The Red Crosses’ Splinters

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Between 1346 CE and 1353 CE, the bubonic plague known as The Black Death killed as many as 200 million people across Western Eurasia and North Africa.

Now, scientists have found after studying the genes of victims and survivors that the plague has impacted humans today, Sky News reported: It has influenced the evolution of the human immune system and opened the door to other diseases common today such as rheumatoid arthritis.

For their study, researchers collected more than 500 DNA samples from victims and survivors buried in three cemeteries in London, the UK. The individuals lived between 1000 and 1500 CE, according to the New York Times.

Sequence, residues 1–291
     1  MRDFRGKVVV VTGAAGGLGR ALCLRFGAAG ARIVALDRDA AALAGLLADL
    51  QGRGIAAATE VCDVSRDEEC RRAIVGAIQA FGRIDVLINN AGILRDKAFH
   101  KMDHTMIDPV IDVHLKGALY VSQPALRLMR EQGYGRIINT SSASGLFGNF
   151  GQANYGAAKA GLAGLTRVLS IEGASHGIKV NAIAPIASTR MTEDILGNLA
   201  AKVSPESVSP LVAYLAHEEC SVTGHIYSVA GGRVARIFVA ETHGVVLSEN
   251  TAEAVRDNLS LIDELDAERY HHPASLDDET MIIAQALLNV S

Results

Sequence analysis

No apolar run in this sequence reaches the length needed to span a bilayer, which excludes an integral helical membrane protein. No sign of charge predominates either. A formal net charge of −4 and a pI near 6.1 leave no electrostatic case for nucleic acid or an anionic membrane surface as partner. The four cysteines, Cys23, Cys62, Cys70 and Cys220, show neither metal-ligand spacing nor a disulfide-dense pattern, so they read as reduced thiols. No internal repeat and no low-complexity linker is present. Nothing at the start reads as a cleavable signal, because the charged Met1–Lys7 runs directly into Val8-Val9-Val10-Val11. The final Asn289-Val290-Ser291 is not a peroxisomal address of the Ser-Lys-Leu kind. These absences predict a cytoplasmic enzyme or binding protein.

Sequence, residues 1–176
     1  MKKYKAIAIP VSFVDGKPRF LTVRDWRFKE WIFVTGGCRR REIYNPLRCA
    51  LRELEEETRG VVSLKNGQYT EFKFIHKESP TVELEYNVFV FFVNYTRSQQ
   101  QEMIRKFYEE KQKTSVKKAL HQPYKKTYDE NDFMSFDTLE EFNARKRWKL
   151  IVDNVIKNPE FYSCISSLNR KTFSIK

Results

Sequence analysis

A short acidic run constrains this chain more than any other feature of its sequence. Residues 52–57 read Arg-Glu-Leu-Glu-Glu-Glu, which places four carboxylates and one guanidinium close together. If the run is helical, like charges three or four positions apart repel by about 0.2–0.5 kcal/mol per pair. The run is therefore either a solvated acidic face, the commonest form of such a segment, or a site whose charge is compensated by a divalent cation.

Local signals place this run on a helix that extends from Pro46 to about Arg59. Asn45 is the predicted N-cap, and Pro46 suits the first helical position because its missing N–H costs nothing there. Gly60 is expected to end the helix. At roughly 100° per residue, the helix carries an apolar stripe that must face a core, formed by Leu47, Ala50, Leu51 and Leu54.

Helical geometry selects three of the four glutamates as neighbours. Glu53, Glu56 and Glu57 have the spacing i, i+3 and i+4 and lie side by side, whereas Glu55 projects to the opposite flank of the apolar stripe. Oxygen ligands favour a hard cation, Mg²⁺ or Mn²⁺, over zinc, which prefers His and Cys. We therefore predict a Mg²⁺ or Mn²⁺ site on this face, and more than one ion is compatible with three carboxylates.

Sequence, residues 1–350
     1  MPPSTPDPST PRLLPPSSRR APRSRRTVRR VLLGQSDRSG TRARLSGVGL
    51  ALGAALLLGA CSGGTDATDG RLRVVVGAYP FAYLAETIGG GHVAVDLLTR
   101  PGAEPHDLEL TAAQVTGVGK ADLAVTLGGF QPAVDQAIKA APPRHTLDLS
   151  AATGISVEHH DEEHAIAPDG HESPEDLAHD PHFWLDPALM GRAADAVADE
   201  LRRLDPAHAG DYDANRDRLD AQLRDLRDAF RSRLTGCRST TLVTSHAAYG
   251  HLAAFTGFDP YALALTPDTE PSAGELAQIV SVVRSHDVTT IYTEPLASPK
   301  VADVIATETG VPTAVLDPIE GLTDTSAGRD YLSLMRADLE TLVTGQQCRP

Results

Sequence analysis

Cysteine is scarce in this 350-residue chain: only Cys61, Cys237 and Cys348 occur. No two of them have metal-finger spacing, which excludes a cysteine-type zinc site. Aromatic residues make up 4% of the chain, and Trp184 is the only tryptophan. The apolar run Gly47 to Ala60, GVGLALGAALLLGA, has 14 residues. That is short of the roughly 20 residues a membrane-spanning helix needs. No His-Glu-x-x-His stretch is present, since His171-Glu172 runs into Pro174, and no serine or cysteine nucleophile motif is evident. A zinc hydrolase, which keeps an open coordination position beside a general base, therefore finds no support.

The team searched for signs of genetic adaptation related to the plague and found four genes that were responsible for producing proteins to better protect against invading pathogens. The plague was caused by the bacterium Yersinia pestis.

Specifically, they discovered that people who had two identical copies of the ERAP2 genes were nearly 50 percent more likely to survive than those who didn’t.

Study author Luis Barreiro explained that the Black Death was so impactful that it was “an important selective pressure to the evolution of the human immune system.”

But that boosted immunity came with a price: Individuals with the protective genes are more susceptible to immune disorders, such as Crohn’s disease.

Still, Barreiro and his colleagues plan to further analyze the genes, believing that they are important in the fight against diseases.

“It was important in the past, and it most likely is going to be important today,” he told the Times.

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